Religion in UK politics has been much in the news lately with Blair’s Damascene conversion to Catholicism, and Nick Clegg’s revelation that he doesn’t believe in Santa Claus’s grumpy brother. UK politics is a little healthier than the US version in this regard, but it’s still disappointing that Clegg felt obliged to wait until he was elected party leader before coming out with this. Then again, as long as he didn’t lie about it beforehand, if no interviewer ever asked him the question, that’s not his fault.
Of course, no rational person believes that Bliar has really changed. He’s been lying about this at least since 2004. And that’s the important thing. Belief in fairies isn’t unforgivable in a politician, but lying about it is. I may be naive, but I think there is a peculiarly British tradition of honesty, of compliance with both the letter and the spirit of the law. This places us at a significant disadvantage in international trade when UK law is at odds with the practices and traditions of our international customers.
There are sound pragmatic reasons for lawyers to take a more professional, even cynical, view of the law. It is appropriate that they should strive to fight their clients’ cases, employing every trick they can (within the law). But when lawyers become politicians, it demeans the entire establishment when they try to play the system. Sometimes they get away with it: Bill Clinton’s reputation seems to have survived his bizarre testimony to the grand jury. Sometimes, they come across as very silly indeed, like the absurd arch-hypocrite Jonathan Aitken.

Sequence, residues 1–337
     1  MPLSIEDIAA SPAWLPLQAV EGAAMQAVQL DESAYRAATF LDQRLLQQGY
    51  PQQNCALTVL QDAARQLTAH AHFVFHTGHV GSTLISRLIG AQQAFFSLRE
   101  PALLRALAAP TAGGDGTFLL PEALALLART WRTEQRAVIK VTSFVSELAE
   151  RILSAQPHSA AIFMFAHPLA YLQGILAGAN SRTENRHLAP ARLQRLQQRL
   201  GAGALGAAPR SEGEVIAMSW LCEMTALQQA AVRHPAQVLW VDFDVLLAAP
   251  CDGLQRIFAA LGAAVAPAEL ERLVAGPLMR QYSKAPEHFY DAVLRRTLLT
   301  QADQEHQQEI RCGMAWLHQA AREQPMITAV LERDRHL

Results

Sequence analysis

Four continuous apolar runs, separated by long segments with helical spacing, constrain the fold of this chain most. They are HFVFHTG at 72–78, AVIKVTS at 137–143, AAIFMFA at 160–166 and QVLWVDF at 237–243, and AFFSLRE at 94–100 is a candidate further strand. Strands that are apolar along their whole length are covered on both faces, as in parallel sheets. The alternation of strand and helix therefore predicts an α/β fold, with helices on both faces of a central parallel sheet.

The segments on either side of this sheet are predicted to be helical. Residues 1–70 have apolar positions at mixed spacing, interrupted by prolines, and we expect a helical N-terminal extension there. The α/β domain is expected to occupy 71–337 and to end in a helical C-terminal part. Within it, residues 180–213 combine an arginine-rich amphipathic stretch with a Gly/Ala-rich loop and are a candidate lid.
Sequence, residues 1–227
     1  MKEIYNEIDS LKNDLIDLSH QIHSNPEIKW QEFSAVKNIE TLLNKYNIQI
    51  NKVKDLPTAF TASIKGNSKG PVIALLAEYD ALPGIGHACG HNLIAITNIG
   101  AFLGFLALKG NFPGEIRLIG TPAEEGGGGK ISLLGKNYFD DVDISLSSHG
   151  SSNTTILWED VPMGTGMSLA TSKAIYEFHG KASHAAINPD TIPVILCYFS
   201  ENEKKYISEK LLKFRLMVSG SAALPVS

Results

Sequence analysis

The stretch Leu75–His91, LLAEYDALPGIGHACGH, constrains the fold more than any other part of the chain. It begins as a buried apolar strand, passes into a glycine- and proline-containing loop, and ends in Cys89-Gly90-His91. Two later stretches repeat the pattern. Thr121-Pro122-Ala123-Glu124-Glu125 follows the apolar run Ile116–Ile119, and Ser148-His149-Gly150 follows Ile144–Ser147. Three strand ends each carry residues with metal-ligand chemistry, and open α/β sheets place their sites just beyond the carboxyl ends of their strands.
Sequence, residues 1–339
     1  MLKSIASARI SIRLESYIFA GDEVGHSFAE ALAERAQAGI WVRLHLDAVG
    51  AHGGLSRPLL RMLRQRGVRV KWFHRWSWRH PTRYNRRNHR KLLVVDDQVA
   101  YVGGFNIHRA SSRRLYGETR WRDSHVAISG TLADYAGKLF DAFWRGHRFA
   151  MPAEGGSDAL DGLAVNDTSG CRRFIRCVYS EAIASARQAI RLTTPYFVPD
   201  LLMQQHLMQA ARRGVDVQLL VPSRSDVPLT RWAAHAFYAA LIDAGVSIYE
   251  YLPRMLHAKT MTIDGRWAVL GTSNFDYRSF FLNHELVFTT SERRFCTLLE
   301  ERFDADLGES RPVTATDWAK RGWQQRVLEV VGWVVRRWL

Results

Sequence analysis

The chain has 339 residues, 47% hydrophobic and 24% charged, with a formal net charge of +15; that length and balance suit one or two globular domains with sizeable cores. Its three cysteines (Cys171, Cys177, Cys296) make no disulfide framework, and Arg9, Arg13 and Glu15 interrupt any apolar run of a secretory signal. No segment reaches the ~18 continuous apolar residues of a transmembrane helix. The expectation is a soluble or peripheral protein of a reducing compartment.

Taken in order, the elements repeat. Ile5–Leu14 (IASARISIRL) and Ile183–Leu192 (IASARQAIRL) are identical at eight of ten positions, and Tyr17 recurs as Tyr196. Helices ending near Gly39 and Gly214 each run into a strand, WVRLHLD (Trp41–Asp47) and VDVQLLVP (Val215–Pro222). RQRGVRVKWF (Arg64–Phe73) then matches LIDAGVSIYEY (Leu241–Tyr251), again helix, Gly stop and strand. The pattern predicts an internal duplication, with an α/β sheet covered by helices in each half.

There is a long tradition of religion in the military. There are a couple of reasons for this. One fairly obvious one is that it’s relatively easy to recruit someone to risk death in the course of their employment if they don’t believe death is final. Another more subtle one goes back at least as far as Clausewitz, if not the more cryptic allegory of Sun Tzu. Military commanders must be prepared to make decisions and stand by them. When those decisions are based on incomplete data, they may turn out to be right or wrong. Dithering is always wrong. Military commanders must have the self-confidence, even arrogance, to stand by their decisions. Sometimes that self-confidence is boosted by prayer.
Politicians, like military commanders, make important decisions. Like military commanders, they operate on less than perfect situational awareness. Unlike military commanders, they often have days or months to make their decisions. While in principle senior military commanders have access to advice collated by senior analysts informed by hundreds of specialist experts, in practice time constraints rarely allow them this luxury routinely enjoyed by politicians.
We may pragmatically accept that military commanders often need mythological support when they act on our behalf. It is dangerous, but danger is inescapable in split-second life-or-death decisions. When politicians rely on supernatural guidance to inform decisions that they, and their army of civil servants, have had months to consider, those politicians present a danger that we could well afford to do without.